June 01, 2009

AWRF 2009: The Next 100 Years


When I'd see the name Hendrik Hertzberg in The New Yorker writing about American politics, I always pictured a somewhat plump and owlish fellow, sort of a Pierre from War and Peace. I had a lineage imagined for him too; he would have moved to the United States as a boy with his family when his father became US correspondent for a Dutch newspaper, grown up in New York, decided to stay on. His mother would have been named Monique.

Imagine my surprise then when not only did he turn out to be known as "Rick" but ambled out for his "Hour with" wearing -- not just, but most noticeably -- a blue blazer, a yellow silk tie with tiny blue dots, and cowboy boots. His hair was longish and grayish and worn in an unstyled-look style, and he was very American and cheeky in that great American tradition of Mark Twain a hundred years ago, continuing through to Bill Maher today -- both with longish gray hair, come to think of it.

"What perils of his nature do you think Pres. Obama is susceptible to?" a member of the audience asked him. "I guess his rationality," he replied. "He's been compared a lot to Dr. Spock. I don't know. Do you have a few suggestions?" 
                  
I was right that his father was a journalist, with a respected career which actually did include a stint as a "special correspondent" for a foreign newspaper, but he was an American -- a child of immigrant Jews who worked in Manhattan's garment district --and the paper was the Hindustan Times. The appointment grew out of a personal friendship with Gandhi, forged when he visited India as part of the American Famine Mission. His son points to the figure of Gandhi as "a part of my mental apparatus since childhood" and his first story for The New Yorker was on the 100th anniversary of Gandhi's birth. He ventures at a certain point "If the Palestinians had embraced Gandhi's non-violence, they would have a thriving state right now."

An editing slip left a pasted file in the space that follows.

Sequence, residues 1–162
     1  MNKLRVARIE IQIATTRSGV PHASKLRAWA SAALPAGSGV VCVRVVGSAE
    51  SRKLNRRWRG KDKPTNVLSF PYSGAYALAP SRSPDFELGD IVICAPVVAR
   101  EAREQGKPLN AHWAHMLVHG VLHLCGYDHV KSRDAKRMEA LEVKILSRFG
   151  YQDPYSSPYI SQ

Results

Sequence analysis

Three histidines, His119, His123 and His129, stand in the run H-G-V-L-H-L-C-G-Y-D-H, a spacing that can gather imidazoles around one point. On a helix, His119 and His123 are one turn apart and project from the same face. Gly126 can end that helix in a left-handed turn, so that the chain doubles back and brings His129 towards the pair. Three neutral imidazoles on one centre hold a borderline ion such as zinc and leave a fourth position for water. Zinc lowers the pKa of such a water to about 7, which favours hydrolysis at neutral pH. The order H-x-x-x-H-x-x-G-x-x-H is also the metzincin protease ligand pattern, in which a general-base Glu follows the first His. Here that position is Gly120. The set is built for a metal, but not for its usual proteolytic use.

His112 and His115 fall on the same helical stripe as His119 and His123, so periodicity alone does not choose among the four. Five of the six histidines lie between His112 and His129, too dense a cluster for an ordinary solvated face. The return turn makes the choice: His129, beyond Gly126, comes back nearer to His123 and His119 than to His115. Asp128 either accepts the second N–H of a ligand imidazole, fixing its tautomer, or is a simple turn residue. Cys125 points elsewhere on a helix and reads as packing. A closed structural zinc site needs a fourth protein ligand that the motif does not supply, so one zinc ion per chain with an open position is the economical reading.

For the AWRF 2009 finale, a panel of writers gave us readers their predictions for "The next 100 years". Marcus Chown foretold that we'd find life on Mars, Mohammed Hanif requested that we remember about water supply on Earth, and so on. The one I enjoyed the most was Rick Hertzberg, funny, thought-provoking, going for the imaginative risk. Here they are, what Hendrik Hertzberg thinks will happen in the next 100 years:

  1. There will be wars
  2. Someone will set off a nuclear device somewhere in the world, probably in a populated area
  3. America will throw off the Westminster parliamentary system in a peaceful revolution and follow New Zealand in experimenting with new kinds of elections (in particular this means proportional representation, which Hertzberg is a big fan of)
  4. I don't think it will be another American century. It will be a Chinese century
  5. Revealed religion will decline and religion will distill into something more dangerous and it will probably involve a fight.

Ditulis Oleh : tosca // 02:30
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